Joyce (pictured) signed for Thames Ironworks in their final season before reforming as West Ham United. Francis Payne, the club secretary, had been given the task of finding players for the club’s first season in the top division of the Southern League; according to one report Arnold Hills gave Payne £1,000 to find the best players available. With this money he brought Joyce, Tom Bradshaw and Ken McKay from Tottenham. Joyce made his Irons debut in a 1-0 Southern League defeat at Reading on 16th September 1899 and scored his first goals for the club on 23rd September 1899, bagging a hat-trick in a 6-0 home win over Royal Engineers in the preliminary round of the FA Cup. This started an impressive run of eight goals in five games, a further four of which also came in the FA Cup – one in a 4-0 win at Grays, two in a 4-2 home win over Sheppey and another in a 7-0 win at Dartford on 28th October as the Irons won through to the competition’s fourth qualifying round. His other goal in this run was a league strike, the only goal of the game at home against Bedminster. Joyce had to wait until the New Year for his next goal though, scoring in a 3-0 win at Sheppey on 20th January 1900. Tragedy had struck the club in the interim period though with the aforementioned Bradshaw, Joyce’s Irons team-mate and former Tottenham colleague, dying of consumption on Christmas Day 1899.
Joyce ended the season on another goalscoring spree, notching nine goals in his last six matches of the 1899/1900 campaign. He bagged a brace in a 4-2 home defeat to Portsmouth on 5th April 1900 and scored a hat-trick in a 4-1 home win over Southampton four days later. He was again the scourge of Sheppey, scoring once in a 4-2 home win over them on 17th April. Thames Ironworks finished in 14th place and would be required to play a Test Match against Fulham to maintain their senior divisional standing; ironically, the game would be played at White Hart Lane, Joyce’s former stomping ground. Joyce saved his most vital and celebrated strikes for this, his last game for the club, scoring a hat-trick in a 5-1 victory on 30th April 1900 to preserve the club’s Southern League First Division status. Just over a month later, the club was reformed as West Ham United.
After scoring 18 goals in 35 appearances, Joyce joined Portsmouth as a replacement for Sandy Brown, who had ironically joined Tottenham. He moved to Burton United a year later where he played for two seasons. He later returned to Morton and also played for Motherwell. His date of death is unknown.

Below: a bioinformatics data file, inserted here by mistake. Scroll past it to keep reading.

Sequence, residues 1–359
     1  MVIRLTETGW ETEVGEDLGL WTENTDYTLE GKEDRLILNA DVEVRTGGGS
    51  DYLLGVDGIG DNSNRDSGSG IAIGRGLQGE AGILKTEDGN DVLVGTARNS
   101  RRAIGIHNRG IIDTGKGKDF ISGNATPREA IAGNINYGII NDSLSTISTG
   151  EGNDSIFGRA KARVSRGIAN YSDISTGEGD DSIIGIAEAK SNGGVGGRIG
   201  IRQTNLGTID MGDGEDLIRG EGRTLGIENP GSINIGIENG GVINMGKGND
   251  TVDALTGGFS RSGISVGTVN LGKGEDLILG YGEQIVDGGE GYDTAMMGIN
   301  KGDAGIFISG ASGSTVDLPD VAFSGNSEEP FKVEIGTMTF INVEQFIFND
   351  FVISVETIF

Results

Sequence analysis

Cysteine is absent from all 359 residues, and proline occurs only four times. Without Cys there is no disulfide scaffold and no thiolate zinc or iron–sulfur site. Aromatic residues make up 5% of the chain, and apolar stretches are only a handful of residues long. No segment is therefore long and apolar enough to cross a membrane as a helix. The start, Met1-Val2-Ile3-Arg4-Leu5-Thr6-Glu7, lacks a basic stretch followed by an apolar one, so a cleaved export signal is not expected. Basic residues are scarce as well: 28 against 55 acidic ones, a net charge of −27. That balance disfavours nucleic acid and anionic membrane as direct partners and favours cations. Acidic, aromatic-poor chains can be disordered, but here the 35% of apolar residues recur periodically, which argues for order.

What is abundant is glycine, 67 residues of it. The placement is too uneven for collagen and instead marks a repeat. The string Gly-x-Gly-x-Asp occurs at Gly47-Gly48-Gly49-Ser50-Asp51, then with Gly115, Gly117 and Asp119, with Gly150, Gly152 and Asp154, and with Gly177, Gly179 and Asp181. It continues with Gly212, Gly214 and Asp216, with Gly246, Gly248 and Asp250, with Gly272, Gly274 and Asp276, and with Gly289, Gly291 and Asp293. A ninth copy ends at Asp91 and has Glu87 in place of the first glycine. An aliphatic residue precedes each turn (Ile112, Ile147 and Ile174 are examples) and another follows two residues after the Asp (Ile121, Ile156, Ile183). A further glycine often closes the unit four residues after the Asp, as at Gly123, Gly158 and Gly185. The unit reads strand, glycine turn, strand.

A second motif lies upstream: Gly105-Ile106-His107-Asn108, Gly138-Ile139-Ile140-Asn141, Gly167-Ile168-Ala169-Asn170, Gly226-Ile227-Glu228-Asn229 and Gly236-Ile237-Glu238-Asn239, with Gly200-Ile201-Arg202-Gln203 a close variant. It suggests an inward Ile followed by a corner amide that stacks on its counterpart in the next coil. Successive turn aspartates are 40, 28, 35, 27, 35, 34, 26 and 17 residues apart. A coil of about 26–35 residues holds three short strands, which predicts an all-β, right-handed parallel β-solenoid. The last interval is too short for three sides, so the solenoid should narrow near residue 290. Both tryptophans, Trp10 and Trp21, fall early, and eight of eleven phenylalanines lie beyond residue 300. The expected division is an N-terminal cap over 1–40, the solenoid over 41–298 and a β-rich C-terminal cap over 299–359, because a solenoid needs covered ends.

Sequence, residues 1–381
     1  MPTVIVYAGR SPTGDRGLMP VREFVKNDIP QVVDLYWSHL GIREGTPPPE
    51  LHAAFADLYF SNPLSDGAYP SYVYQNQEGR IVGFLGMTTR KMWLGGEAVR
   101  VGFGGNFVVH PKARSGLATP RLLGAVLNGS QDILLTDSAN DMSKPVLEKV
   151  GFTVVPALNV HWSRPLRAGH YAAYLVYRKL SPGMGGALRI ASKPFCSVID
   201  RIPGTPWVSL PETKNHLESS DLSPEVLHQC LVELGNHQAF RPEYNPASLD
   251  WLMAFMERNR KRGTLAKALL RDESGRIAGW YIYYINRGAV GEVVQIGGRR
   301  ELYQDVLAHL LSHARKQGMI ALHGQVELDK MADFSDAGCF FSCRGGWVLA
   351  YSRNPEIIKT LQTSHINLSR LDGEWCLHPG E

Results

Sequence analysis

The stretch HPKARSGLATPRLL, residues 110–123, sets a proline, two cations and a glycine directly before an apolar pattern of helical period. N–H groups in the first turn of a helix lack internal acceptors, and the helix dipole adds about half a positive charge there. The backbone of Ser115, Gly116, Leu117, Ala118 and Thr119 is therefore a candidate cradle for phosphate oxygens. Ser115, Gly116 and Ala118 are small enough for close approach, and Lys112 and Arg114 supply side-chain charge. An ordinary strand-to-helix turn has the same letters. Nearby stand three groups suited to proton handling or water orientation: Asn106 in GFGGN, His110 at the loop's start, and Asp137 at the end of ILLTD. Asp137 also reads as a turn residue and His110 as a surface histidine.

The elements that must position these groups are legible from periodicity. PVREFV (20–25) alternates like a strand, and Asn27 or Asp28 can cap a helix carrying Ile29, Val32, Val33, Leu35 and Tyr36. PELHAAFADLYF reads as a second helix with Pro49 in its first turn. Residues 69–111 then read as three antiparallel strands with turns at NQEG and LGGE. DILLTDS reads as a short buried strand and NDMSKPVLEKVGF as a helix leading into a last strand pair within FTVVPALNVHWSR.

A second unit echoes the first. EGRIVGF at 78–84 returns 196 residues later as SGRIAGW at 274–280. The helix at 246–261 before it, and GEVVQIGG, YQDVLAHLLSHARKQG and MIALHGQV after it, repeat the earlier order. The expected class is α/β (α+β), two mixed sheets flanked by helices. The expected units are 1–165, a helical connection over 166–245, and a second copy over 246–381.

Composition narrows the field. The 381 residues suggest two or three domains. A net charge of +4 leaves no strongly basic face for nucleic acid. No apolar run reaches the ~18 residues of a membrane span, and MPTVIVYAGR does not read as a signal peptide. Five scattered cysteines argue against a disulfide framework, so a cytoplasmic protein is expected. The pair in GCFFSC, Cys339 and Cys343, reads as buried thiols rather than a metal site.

The referee on Saturday will be Michael Oliver. He has refereed 20 of our matches, officiating in five wins for the Hammers, five draws and ten defeats. Oliver most recently refereed the Irons in our 2-1 home defeat to Crystal Palace last month, awarding the visitors a match-levelling penalty.
Oliver is pictured above, officiating in our 3-2 home defeat to Tottenham in September 2017, when he sent off Spurs’ Serge Aurier. He also refereed our 1-1 draw at Leicester in October 2018, when he sent off Mark Noble. His only previous red card issued to a West Ham player came six seasons ago, when he sent off Kevin Nolan in our 4-1 defeat to Liverpool at Anfield in December 2013. Oliver also refereed our 3-1 home win over Manchester United last season.
West Ham United will be without Lukasz Fabianski and Manuel Lanzini but Jack Wilshere, Mark Noble and Michail Antonio are all available. The Hammers have won six of the last 24 Premier League games against Tottenham and have scored 53 Premier League goals against Spurs, more than against any other team. Roberto has conceded 12 goals in 507 Premier League minutes – a goal every 42 minutes.
Tottenham Hotspur are without goalkeepers Hugo Lloris and Michel Vorm, as well as Erik Lamela. There is a doubt over Jan Vertonghen but Tanguy Ndombele should be available. There have been four red cards in the last six league encounters between these two sides in east London. Harry Kane has seven goals in his last eight league games against West Ham. Tottenham have conceded at least once in their last seven matches.
Possible West Ham United XI: Roberto; Zabaleta, Balbuena, Diop, Cresswell; Rice; Yarmolenko, Noble, Snodgrass, Anderson; Haller.
Possible Tottenham Hotspur XI: Gazzaniga; Sanchez, Foyth, Alderweireld; Aurier, Ndombele, Dier, Lo Celso, Rose; Son, Kane.
Enjoy the game – Up The Hammers!